Overnight Healthcare: Obama budget goes big on health

The White House is resurfacing some of its boldest healthcare proposals in its final budget wish list, which may mark its last chance to strengthen the Affordable Care Act.

The $4.1 trillion budget proposal is Obama's most expensive to date. It includes new ideas like enticing states to expand Medicaid and requiring drug companies to publicly disclose the costs of their research and development.

Some ideas – like making drug prices more transparent and increasing access to mental health and opioid addiction treatment – were widely praised. But plenty of the administration's proposals to trim Medicare costs have drawn sharp rebukes.

Hospital groups have blasted payment cuts to bad debt, long-term care hospitals and inpatient rehab facilities. The American Hospital Association said the cuts "would jeopardize hospitals' ability to keep the promise of maintaining access to vital health care services," while the Federation of American Hospitals blasted the cuts as "arbitrary" and "destabilizing."

The American Health Care Association targeted the cuts to Medicare payments for post-acute care providers – a decrease of about 3 percent over five years. "This bundling proposal is merely a rate cut, not a meaningful reform of our payment and delivery system," the group wrote in a statement. Read more here: http://bit.ly/1SGHMkH

PhRMA also criticized the budget for going "in the opposite direction" of innovation with "harmful and misguided proposals."

GOP LEADERS SKEPTICAL OF NEW ZIKA FUNDING: Senate Republicans on Tuesday expressed skepticism about providing new emergency funding to fight the Zika virus after receiving a briefing from administration officials.

Health and Human Services Secretary Sylvia BurwellSylvia Mathews BurwellOvernight Healthcare: McConnell unveils new Zika package | Manchin defends daughter on EpiPens | Bill includes M for opioid crisis Insurance executives ask for changes to ObamaCare Obama meets with insurance CEOs on health law MORE and other top health officials came to Capitol Hill to brief top senators in both parties on Zika and make the case for $1.8 billion in emergency funding.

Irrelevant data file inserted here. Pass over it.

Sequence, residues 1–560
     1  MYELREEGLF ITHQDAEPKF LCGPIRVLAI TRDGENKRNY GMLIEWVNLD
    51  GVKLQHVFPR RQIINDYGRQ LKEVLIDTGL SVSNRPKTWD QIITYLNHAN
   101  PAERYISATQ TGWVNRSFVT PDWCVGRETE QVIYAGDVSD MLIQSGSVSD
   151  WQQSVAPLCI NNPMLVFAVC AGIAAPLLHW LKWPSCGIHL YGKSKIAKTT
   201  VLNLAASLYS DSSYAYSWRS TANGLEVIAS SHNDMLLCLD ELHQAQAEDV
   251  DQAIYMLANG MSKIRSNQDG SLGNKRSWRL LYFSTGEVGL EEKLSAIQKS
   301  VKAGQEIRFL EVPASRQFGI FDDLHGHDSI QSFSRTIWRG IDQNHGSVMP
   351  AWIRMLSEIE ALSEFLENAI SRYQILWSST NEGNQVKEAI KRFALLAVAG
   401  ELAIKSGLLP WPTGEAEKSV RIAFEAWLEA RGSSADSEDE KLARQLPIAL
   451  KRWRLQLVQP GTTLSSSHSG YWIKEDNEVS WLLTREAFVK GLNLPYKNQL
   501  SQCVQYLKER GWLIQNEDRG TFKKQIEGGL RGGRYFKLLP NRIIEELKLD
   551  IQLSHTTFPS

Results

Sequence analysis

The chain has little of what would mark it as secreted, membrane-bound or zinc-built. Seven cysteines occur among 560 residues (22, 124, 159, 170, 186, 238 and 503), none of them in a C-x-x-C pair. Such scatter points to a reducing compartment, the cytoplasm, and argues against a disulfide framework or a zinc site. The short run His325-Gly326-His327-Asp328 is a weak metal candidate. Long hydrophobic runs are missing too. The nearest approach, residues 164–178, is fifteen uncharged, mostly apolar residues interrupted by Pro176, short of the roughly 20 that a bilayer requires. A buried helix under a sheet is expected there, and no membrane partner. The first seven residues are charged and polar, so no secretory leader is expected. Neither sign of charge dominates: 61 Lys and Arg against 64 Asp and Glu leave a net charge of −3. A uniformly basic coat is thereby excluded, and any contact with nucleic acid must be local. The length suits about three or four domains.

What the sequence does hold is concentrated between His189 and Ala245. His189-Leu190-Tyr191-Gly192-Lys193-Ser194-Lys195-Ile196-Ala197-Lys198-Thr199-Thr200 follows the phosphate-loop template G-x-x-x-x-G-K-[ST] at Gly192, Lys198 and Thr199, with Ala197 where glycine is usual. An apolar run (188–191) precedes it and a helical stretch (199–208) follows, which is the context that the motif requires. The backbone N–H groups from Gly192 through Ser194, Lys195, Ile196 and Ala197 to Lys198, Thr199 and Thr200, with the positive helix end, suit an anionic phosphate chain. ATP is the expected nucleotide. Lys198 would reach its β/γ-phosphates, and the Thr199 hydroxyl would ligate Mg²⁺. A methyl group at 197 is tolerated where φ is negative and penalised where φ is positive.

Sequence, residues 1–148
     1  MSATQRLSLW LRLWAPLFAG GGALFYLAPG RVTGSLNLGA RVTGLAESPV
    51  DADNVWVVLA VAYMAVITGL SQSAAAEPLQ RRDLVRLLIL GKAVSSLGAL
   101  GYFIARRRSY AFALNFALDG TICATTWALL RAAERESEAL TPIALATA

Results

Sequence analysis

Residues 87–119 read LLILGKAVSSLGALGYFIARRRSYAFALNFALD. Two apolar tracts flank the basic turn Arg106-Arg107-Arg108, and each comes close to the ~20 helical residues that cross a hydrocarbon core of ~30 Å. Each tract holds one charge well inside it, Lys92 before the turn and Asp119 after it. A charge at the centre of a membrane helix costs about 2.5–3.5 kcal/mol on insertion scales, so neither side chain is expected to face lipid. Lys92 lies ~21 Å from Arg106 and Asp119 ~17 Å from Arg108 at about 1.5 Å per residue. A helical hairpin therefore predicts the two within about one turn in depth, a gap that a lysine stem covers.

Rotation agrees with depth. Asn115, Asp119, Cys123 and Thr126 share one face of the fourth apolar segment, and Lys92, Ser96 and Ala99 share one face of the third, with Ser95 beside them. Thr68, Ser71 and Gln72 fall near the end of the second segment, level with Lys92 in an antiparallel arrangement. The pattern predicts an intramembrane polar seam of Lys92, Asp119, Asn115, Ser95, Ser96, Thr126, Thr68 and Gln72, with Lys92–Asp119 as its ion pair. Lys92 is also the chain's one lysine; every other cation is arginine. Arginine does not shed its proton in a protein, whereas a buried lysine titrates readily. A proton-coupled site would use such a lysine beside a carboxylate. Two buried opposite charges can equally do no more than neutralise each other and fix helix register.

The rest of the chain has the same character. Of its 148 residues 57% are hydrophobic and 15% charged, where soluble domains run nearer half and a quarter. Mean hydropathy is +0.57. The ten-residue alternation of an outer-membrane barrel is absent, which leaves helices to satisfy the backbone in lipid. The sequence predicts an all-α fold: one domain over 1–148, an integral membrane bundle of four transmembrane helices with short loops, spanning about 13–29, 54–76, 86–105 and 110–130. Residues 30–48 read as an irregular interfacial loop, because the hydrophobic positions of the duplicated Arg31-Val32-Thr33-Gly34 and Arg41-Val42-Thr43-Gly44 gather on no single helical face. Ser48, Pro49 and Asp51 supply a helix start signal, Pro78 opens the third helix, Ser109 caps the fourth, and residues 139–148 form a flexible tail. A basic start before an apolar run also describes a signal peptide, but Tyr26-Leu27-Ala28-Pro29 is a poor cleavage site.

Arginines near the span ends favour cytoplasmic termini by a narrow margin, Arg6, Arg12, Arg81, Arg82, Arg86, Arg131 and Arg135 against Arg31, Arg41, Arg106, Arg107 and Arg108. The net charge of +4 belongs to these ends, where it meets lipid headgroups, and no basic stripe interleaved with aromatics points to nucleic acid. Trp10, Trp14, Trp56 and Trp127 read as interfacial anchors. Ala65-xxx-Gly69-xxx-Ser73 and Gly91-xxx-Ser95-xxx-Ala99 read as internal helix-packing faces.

But Republican leaders leaving the briefing pointed to existing funds, including leftover money appropriated to fight Ebola, as being available for the Zika response. They did not rule out an emergency funding bill, however.

Asked if he was skeptical of the new funding request, Sen. John CornynJohn CornynHow the White House got rolled on the Saudi-9/11 bill GOP leaders express reservations a day after 9/11 veto override McConnell opens door to changing 9/11 bill MORE (Texas), the Senate's No. 2 Republican, said, "usually they come up with the request for money before they come up with a plan." Read more here. http://bit.ly/1O21m2l

SENATE PANEL SEEKS MOMENTUM ON MEDICAL INNOVATION BILLs: The Senate health committee on Tuesday advanced seven relatively narrow bipartisan bills around medical innovation, part of a strategy to build momentum for a larger, more controversial package.

Chairman Lamar AlexanderLamar AlexanderMcConnell: Cures bill a 'top priority' in lame-duck Lawmakers pledge push for cures bill in lame-duck Overnight Regulation: Lawsuits pile up against Obama overtime rule MORE (R-Tenn.) argued that the votes on Tuesday could improve the chances of broader legislation that would be a companion to the House-passed 21st Century Cures Act.

The House bill seeks to speed up the Food and Drug Administration's (FDA) approval of new drugs and includes $8.75 billion over five years in new research funds for the National Institutes of Health (NIH).

The issue of NIH funding remains a key hurdle for the Senate health panel, as both parties acknowledge there are few offsets within the health committee's jurisdiction. http://bit.ly/1PjE10n


HHS Secretary Sylvia Burwell testifies at the House Ways and Means Committee.

Vice President Biden will tour a lab and participate in a roundtable discussion at Duke University as part of his cancer "moonshot."


Obama targets drug spending in budget (Bloomberg)

Martin Shkreli's Wu-Tang album violates copyright, artist says (Bloomberg)

Farmer contractors balk at ObamaCare requirements (NPR)

Novartis sets heart-drug price with two insurers based on health outcome (Reuters)


Feds give Alabama go-ahead for Medicaid changes (Montgomery Advertiser)  

Florida expands state of emergency to seventh county over Zika (ABC7)

Colorado Springs Planned Parenthood to reopen next week (Fox31)


Walgreens partners with White House to curb drug abuse http://bit.ly/1o1aYGh

White House launches Zika funding push: http://bit.ly/1LccObZ

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